2.2. Down-Regulation of TIMPs and up-Regulation of MMPs by Lewis (y) Antigen
To explore the possible mechanisms of Lewis (y) antigen enhanced migration, we further tested the mRNA and protein levels of TIMP-1, TIMP-2, MMP-2 and MMP-9 in RMG-1-hFUT and RMG-1 cells by using quantitative Real-Time RT-PCR and Western blot analysis, respectively. As shown in Figure 2a, the mRNA level of these two TIMPs was significantly reduced, whereas the mRNA level of the two MMPs was markedly increased. Meanwhile, changes observed by Western blotting were in accordance with the findings in the quantitative real-time RT-PCR study (Figure 2b).
Furthermore, measurement of TIMP-1 and TIMP-2 concentrations in the culture supernatants by ELISA and statistical analysis of the data showed a diminution of TIMP-1 and TIMP-2 secretion in RMG-1-hFUT when compared with RMG-1 cells (Figure 3, P < 0.01).
To further demonstrate the association between Lewis (y) antigen and the expression of TIMP-1, TIMP-2, MMP-2 and MMP-9, anti-Lewis (y) antigen monoclonal antibody was used to block the Lewis (y) antigen present on the surface of RMG-1-hFUT cells. As shown in Figure 4, after RMG-1-hFUT cells were treated with anti-Lewis (y) antigen monoclonal antibody, the expression levels of TIMP-1 and TIMP-2 were increased, but the expression levels of MMP-2 and MMP-9 were decreased.
All these findings suggested that overexpression of Lewis (y) antigen inhibited the expression TIMP-1 and TIMP-2, but increased the expression of MMP-2 and MMP-9.
As described in our previous papers, we successfully transfected the α1,2-FUT gene into human ovarian carcinoma-derived RMG-1 cells, which contain a significantly high amount of Lewis (x), the precursor of Lewis (y), and established RMG-1-hFUT cells with higher expression level of Le (y) compared with RMG-1 cells. Our further experiments demonstrated that RMG-1-hFUT cells not only exhibited increased proliferation and invasion capacity, but also showed high tolerance to common chemotherapy drugs for ovarian cancer, such as carboplatin, 5-fluorouracil and taxol [16–19]. However, the molecular mechanisms by which Lewis (y) causes these malignant properties of human ovarian cancer cells have not been completely understood. The present study is the first to address the mechanism by which Lewis (y) promotes tumor invasion and metastasis. We found that changes in expression of TIMP-1, TIMP-2, MMP-2 and MMP-9 are involved in the enhancement of cell invasion by Lewis (y).
Despite overexpression and invasion promoting ability of Lewis (y), and MMP-2 and MMP-9 being separately reported in various types of human cancer, a direct association between Lewis (y) and these two TIMPs has never been described. In this study, we showed that overexpression of Lewis (y) increased MMP-2 and MMP-9 expression to promote migration and invasion of ovarian cancer cells. Furthermore, we also found that the expression of TIMP-1 and TIMP-2 was inhibited by overexpression of Lewis (y). These results suggest that MMPs/TIMPs play a crucial role in Lewis (y) antigen-mediated cell invasion. Our previous microarray study indicated that a number of genes associated with metastasis are differentially expressed in RMG-1-hFUT cells, compared with those in RMG-1 cells . In addition to MMPs and TIMPs, Lewis (y) antigen may also promote cell invasion via other mechanisms. Moreover, we also noted a significant increase of TIMP-1 and TIMP-2 in RMG-1 cell treated with anti-Lewis monoclonal antibody, which is probably because of the endogenous expression of Lewis (y) in RMG-1 cells .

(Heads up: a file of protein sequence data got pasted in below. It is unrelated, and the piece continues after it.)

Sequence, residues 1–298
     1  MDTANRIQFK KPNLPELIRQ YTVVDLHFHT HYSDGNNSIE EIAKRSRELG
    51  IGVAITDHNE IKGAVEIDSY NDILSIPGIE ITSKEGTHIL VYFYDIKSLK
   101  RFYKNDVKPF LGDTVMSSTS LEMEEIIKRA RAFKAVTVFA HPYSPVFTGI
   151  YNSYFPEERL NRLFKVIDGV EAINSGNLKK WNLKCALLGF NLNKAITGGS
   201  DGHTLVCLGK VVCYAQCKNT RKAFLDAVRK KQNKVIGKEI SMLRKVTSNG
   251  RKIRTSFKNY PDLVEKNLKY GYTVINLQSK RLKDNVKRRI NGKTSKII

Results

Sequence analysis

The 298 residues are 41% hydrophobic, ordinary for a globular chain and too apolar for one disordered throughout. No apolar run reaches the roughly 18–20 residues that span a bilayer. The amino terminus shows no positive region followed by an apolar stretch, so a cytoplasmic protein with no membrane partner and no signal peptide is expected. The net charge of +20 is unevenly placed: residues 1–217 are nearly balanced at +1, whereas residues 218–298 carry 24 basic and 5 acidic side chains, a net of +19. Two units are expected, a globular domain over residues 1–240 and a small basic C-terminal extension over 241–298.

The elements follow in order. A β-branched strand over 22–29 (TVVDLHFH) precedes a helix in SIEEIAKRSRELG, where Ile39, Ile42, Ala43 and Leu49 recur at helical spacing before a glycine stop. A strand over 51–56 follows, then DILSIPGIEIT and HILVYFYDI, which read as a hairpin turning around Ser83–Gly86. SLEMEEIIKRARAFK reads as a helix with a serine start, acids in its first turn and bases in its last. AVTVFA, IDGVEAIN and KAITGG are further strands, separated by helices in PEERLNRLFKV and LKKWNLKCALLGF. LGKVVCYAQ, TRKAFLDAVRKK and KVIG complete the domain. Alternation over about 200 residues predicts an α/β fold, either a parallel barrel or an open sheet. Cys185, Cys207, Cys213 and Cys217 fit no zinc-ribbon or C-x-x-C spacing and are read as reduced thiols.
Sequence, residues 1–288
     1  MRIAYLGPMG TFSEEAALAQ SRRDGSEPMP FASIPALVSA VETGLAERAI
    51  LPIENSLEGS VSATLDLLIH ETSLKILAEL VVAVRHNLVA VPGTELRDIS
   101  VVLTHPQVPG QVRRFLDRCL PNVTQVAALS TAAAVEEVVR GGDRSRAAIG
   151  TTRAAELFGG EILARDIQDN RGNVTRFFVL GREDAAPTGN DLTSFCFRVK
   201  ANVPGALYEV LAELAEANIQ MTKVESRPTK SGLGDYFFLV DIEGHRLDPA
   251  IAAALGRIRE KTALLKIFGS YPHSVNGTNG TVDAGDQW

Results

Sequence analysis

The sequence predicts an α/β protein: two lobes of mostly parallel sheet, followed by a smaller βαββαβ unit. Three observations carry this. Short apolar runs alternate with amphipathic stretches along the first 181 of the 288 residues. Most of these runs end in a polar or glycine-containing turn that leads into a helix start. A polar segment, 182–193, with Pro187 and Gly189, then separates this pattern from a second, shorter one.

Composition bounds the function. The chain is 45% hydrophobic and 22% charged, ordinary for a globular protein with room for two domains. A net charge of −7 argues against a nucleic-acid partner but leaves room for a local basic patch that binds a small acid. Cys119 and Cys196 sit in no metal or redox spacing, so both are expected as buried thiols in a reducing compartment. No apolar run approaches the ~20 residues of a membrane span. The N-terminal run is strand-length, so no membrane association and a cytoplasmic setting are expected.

More recently, Javier et al. have demonstrated that MMP-9, more specifically the hemopexin domain, has anti-apoptotic effects on cancer cells . Thus, the elevation of MMP-9 not only contributes to the enhancement of cell invasion, but also maintains the malignant properties of RMG-1-hFUT cells. In addition, there is growing evidence that the epidermal growth factor receptor pathway and PI3K/Akt signal transduction pathway are key regulators of TIMP/MMP balance [21,22]. We have previously showed that Lewis(y) antigen stimulates the growth of ovarian cancer cells via regulation of the epidermal growth factor receptor pathway and the PI3K/Akt signaling pathway [18,19]. It therefore seems reasonable to propose that activation of the PI3K/Akt signaling pathway may represent one underlying mechanism for the Lewis (y) antigen-mediated cell invasion by regulating the expression of TIMPs and MMPs. However, the mechanisms by which Lewis (y) regulates the TIMPs and MMPs need further to be elucidated.
4. Experimental Section
4.1. Cell Culture
The human ovarian cancer cell line, RMG-1, was kindly provided by Professor Iwamori Masao (Tokyo University, Japan). RMG-1-hFUT cell line, highly expressing Lewis (y) antigen, was established by transfecting the pcDNA3.1 (-)-HFUT-H expression vector (containing a1,2-FUT gene) into RMG-1 cells as previously described [16,17]. Cells were maintained in Dulbecco’s modified Eagle’s medium (DMEM, Gibco, Grand Island, NY, USA) supplemented with 10% fetal bovine serum (FBS, Hyclone, Logan, UT, USA) at 37 °C in a humidified 5% CO2 atmosphere. Cells were routinely passaged, and cells at logarithmic growth phase were used for further experiments.